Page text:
[0029] In a particular example, a method of determining a sintering process endpoint includes monitoring gas flow through a detection gas line routed into a sintering furnace and through a furnace shelf on which a token green object is positioned. The method includes detecting a change in the gas flow when the token green object shrinks during a sintering process in the furnace, and determining that green objects being sintered in the furnace have reached a sintering endpoint when the change in the gas flow reaches a predetermined target.

[0030] In another example, a method of controlling a sintering process includes activating heating elements to initiate a sintering process in a sintering furnace that contains a green object and a sacrificial object, where the sacrificial object is positioned within the furnace to obstruct a gas port. The method includes monitoring gas flow through a detection channel that extends into the furnace to the gas port, and deactivating the heating elements upon detecting a target gas flow through the detection channel.

[0031] In another example, a method of determining a sintering process endpoint includes providing a token green object on a shelf within a sintering furnace near a gas port so that deformation of the token object can alter gas flow through the port. The method includes monitoring the gas flow through the port during a sintering process, and detecting a target gas flow through the port that indicates an endpoint of the sintering process for the token green object and for other green objects being sintered in the furnace.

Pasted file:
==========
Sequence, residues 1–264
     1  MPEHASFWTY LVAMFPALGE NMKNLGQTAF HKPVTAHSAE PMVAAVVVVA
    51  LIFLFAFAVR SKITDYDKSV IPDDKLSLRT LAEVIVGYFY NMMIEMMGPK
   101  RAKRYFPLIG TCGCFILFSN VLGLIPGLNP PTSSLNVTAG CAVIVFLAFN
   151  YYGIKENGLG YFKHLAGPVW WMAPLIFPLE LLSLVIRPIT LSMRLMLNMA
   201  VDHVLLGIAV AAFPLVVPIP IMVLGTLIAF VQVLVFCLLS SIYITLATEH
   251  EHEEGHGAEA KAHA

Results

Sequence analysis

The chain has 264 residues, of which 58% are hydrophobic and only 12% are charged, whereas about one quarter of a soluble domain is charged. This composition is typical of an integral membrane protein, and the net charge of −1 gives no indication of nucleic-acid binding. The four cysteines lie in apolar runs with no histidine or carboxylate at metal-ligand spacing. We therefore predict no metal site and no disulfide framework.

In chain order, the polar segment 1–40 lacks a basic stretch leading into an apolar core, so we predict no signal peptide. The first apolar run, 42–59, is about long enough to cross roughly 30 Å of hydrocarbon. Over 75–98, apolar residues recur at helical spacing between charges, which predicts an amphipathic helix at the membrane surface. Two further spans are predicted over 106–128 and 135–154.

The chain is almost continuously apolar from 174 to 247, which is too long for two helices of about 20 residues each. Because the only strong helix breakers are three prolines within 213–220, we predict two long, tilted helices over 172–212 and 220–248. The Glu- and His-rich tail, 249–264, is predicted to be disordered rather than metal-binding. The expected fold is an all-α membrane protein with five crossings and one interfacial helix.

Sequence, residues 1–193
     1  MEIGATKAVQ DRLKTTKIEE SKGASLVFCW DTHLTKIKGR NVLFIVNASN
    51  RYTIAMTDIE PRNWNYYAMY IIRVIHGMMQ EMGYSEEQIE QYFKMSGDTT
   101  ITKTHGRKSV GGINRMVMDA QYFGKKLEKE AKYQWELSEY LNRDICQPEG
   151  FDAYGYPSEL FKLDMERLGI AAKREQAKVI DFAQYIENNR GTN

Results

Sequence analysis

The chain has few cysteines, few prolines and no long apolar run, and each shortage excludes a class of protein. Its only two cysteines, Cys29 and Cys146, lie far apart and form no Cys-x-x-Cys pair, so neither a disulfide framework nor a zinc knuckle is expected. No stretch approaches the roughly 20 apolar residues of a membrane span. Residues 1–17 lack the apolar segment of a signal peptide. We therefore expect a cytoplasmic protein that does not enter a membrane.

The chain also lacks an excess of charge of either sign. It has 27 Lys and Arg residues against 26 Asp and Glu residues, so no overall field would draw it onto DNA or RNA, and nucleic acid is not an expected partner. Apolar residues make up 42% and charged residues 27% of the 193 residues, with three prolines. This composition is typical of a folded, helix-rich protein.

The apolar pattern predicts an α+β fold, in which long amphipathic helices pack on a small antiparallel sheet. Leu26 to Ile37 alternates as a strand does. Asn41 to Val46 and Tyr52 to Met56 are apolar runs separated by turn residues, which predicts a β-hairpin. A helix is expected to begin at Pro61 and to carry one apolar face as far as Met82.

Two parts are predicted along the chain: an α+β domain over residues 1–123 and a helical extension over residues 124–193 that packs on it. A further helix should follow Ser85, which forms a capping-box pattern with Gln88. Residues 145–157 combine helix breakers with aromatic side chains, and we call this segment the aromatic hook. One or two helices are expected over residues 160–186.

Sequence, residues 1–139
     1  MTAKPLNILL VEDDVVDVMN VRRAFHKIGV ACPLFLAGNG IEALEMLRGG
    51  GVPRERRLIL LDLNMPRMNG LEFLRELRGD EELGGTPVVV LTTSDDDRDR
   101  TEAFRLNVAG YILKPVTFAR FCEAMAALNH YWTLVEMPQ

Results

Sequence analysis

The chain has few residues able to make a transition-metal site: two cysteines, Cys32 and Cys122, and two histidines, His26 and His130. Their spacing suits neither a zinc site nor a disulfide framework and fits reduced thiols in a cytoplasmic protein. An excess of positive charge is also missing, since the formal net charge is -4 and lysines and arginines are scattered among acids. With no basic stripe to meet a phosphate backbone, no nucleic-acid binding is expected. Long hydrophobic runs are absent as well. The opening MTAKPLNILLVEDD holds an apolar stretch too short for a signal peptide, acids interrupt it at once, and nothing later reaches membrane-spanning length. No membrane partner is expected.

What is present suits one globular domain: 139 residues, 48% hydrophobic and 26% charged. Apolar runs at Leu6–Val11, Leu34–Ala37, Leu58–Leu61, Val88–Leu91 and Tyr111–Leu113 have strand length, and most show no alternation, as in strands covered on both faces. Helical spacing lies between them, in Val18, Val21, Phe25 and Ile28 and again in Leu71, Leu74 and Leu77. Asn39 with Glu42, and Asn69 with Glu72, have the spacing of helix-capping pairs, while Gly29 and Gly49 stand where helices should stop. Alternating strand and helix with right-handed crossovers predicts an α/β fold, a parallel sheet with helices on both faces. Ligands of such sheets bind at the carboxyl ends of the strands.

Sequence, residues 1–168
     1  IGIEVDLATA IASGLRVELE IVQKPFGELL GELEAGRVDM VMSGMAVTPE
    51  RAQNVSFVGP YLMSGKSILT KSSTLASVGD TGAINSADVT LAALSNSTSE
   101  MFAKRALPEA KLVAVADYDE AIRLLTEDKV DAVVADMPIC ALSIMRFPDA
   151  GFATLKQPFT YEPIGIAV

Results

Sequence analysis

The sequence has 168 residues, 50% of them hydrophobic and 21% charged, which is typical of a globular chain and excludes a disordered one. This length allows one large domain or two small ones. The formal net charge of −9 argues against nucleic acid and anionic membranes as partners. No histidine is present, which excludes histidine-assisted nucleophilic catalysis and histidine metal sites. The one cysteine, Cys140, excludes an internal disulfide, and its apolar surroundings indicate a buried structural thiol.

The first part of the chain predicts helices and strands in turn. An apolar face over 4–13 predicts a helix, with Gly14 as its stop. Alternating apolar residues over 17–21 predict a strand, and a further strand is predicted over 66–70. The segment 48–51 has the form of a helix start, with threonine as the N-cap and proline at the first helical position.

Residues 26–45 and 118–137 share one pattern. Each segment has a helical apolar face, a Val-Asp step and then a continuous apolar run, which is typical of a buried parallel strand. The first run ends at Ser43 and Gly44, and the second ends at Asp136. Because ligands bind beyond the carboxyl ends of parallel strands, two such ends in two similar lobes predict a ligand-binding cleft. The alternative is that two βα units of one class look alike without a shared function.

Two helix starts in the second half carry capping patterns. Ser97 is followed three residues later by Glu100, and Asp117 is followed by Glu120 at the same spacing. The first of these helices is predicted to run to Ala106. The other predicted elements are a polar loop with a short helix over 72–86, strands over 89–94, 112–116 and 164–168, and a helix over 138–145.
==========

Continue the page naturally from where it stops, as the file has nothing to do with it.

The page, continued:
[0032] FIG. 1 shows a block diagram of an example sintering furnace system 100 suitable for detecting the endpoint of a sintering process and providing accurate sintering cycle times. The system 100 includes an example sintering furnace 102, a gas supply 104, a gas flow monitor 106, and a controller 108. FIG. 1 includes an enlarged view 1 10 of an example furnace rack 1 12 that can support green objects inside the furnace 102 during a sintering process. FIG. 2 shows an additional view of the example furnace rack 1 12 that has been loaded with an example token green object 140 and other example green objects 148 for sintering.

[0033] Referring generally to FIGs. 1 and 2, the example sintering furnace 102 is sometimes referred to as a“hot wall” design where electric heating elements 1 14 or other heating sources are located inside the furnace 102 between a layer of insulation 1 15 and the furnace retort wall 1 16. The retort wall 1 16 can be made from different materials including a refractory metal, ceramic, quartz, or other materials capable of withstanding high temperatures. Peak sintering temperatures in the furnace can depend on the type of material being sintered, with an example range of such temperatures reaching as high as between 1 100°C to 1400°C. In an example sintering process, once the green objects 140, 148 (sometimes referred to as the “load” or“furnace load”) are loaded into the furnace on the rack 1 12, the controller 108 can activate the heating elements 1 14 to begin heating the retort 1 16. The retort 1 16 can conduct or radiate the heat to the objects within the furnace.

[0034] During a sintering process, gas 126 from a supply 104 can be introduced into the furnace atmosphere. In some examples, a sintering process includes a binder burnout phase where binder material (e.g., plastics) in the green objects 140, 148, is broken down by high temperatures, and the broken down components of the binder material are removed by the gas 126 as it flows across the objects. The binder burnout phase can occur during the sintering process, for example, when the temperature within the furnace reaches approximately 400°C. A variety of gases can be introduced into the furnace including, for example, hydrogen, nitrogen, and carbon monoxide. Hydrogen gas is often introduced to serve as a reducing agent that helps keep the powder metal particles in the green objects 140, 148, from oxidizing and removes other contaminants. The hydrogen reduction process helps the surfaces of the metal particles remain metallic which improves the strength of bonds that are created between particles during sintering.